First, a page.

Students will learn the vocabulary word “resource,” what a resource is and how we use the resources around us. The lesson opens with the teacher asking students to look at the tags of each other’s shirts. The students analyze what information is on each other’s tags – size, materials, washing instructions, and where the garment was made. The teacher asks students which of those pieces of information is the “resource.” Students will gain an understanding that their shirt is not the resource, but the raw material is. Students will then discuss where their shirt was made, and whether or not just because their shirt is made there, if the raw material, such as cotton, silk, or polyester was also made or grown there as well. This will provide an introduction to supply chain, which will be revisited in lesson 7.  Students will discuss how everything we have in the classroom and in our homes is made by resources, and how some resources are materials we use to make goods, and other resources are services such as the worker in the factory that uses those materials to make an item. Resources are included in the food we eat, the clothes on our backs, and the structure of the homes we live in. Additionally, resources are often determined about what is available – if I live in a place that is surrounded by water, for example, I might be eating what I can catch from that water. Students are told that we will be focusing on the element gold for this unit, but at times will also examine the manufacturing companies and workers themselves. Students will be tasked with going home and finding one item that they can report the materials that are in the item, where the item was made, and what kind of resource that item is. Most students will feel comfortable looking inside their cupboards, refrigerators, or bathrooms where items like cereal, shampoo, and soap have labels listing ingredients and where that item was manufactured. However, some students might embrace the challenge of using an item that does not have an explicitly written source. For example, the student’s family friend or relative  may have a product (like baked goods or self care products) that s/he/they made themselves with locally (or non-locally) sourced ingredients. (See “Energy for Life” article in the anchor texts section of the appendix)

Lesson 2: Living and nonliving resources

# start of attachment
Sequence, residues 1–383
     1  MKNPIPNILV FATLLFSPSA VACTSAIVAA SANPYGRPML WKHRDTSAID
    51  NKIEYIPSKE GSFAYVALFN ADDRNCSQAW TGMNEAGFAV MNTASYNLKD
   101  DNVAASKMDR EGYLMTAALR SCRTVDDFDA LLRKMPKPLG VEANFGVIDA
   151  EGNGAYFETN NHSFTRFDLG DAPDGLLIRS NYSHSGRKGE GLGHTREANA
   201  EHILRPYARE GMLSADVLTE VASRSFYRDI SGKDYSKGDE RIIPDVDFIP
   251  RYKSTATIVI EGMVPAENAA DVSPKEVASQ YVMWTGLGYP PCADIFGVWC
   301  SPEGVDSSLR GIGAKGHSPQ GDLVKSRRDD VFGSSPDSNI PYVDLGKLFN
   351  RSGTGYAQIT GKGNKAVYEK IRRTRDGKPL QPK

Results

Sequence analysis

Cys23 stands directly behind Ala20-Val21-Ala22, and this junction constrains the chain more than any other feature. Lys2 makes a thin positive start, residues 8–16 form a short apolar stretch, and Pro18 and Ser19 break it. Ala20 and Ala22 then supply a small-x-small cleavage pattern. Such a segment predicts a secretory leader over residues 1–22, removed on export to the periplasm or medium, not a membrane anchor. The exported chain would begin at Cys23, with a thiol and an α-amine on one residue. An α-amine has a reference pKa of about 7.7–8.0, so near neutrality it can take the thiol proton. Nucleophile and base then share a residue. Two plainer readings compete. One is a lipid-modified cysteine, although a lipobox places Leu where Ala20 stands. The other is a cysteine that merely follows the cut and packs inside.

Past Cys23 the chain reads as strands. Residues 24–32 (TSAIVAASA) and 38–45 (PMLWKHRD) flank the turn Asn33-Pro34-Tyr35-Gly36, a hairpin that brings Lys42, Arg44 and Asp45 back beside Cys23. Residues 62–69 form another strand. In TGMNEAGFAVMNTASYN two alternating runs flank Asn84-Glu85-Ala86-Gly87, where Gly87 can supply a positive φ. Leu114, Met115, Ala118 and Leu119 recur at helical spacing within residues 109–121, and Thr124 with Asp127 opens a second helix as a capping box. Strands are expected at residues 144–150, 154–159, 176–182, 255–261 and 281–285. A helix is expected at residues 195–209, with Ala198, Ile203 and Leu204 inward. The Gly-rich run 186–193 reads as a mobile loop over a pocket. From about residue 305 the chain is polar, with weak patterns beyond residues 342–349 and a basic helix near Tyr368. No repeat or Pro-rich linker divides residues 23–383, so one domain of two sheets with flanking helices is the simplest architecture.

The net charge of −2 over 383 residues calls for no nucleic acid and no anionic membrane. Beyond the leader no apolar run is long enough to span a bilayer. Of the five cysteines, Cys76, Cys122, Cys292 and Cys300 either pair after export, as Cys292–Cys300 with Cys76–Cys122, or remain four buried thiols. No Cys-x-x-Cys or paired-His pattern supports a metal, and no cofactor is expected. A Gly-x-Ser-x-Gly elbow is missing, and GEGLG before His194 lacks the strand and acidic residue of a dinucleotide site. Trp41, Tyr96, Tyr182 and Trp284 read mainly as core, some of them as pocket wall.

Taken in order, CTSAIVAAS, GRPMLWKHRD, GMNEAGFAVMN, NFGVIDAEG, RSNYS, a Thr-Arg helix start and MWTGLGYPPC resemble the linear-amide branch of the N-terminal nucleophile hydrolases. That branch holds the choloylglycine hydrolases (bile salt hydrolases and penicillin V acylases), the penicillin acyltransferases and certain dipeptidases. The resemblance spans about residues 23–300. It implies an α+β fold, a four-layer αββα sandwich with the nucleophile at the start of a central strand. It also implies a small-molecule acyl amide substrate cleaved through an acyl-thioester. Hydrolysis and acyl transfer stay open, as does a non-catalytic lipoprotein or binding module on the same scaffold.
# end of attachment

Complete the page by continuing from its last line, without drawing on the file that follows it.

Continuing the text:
For this lesson students will group resources we might have as either living or nonliving. Students will begin with a McDonald’s BigMac and fries. They research what ingredients are in a BigMac and analyze which of those are living (like the cow in the patty) and non-living (like the salt on the fries). Students will research where those ingredients might be sourced, especially an ingredient like salt or iron (in the enriched flour in the bun). Students will gain an understanding that the lettuce is grown, while salt and iron are minerals extracted from the Earth. Students will also understand that some minerals naturally occur in plants and animals, but others, like the salt on the fries, are added to processed foods. This will lead into the discussion about how all of Earth’s resources are made up of matter, and matter is combined in different ways throughout the universe to make substances. When matter is broken down to its simplest and smallest form, you have atoms, and those atoms are classified into specific elements. Students will understand that as different combinations of atoms of elements are made, all of the physical things that exist on Earth are made, including humans.

Lesson 3: The periodic table

Students will be introduced to the periodic table and how it is arranged and how certain resources such as iron are an element, but other resources like salt, are a combination of elements. Students will complete a periodic table scavenger hunt to familiarize themselves with the organization of the table.

Lesson 4: Element and mineral classification

Students will focus on rocks and minerals and how they are classified and identified by geologists using various characteristics such as streak, luster, hardness, cleavage, melting point, specific gravity, density, crystal structure, color, corrosivity, and buoyancy. Students will perform a series of tests on pyrite to practice using these identifying characteristics and then later apply this method to the identification of gold.[1] See “Rock Identification Sheet” in the handouts section of the appendix.

Lesson 5:  Resource sourcing

Students will learn how we are able to obtain various resources, both resources that are a combination of elements and those that are pure elements. Students will use the virtual mining flashcards to examine various methods for element extraction such as different methods for mining. (See “Mining Flashcards” in the virtual resources section of the appendix)

Lesson 6: Resource scarcity

Students will learn about how some resources are renewable and some are not and what that means. Students will play a game to show how certain resources take longer to replenish and are therefore ‘non renewable’ while others are renewable because they are replenished more quickly or are more readily available. For the game, there are two “resources” – grapes and Hot Cheetos. Grapes represent renewable resources and Hot Cheetos represent non-renewable. During the game, students begin with a budget, and must purchase enough resources to power their town. They also must decide what kind of resources they want – renewable or non-renewable. The grapes are much more expensive than the Hot Cheetos, but they replenish more quickly in the “bank” of resources. During timed intervals students must use and purchase resources to keep their towns alive. Students will see as the game continues that they are waiting, sometimes in long lines, for more Hot Cheetos while they are not waiting as long for the grapes. Students discuss the importance of using renewable resources to avoid exhausting an available resource.